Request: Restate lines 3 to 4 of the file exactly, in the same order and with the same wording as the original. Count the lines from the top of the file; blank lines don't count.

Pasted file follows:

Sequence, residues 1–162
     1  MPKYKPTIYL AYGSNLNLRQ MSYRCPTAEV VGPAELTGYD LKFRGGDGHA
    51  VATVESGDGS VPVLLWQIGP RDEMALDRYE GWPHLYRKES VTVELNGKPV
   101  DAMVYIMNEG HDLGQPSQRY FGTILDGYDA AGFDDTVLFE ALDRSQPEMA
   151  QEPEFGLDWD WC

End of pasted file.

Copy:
    51  VATVESGDGS VPVLLWQIGP RDEMALDRYE GWPHLYRKES VTVELNGKPV
   101  DAMVYIMNEG HDLGQPSQRY FGTILDGYDA AGFDDTVLFE ALDRSQPEMA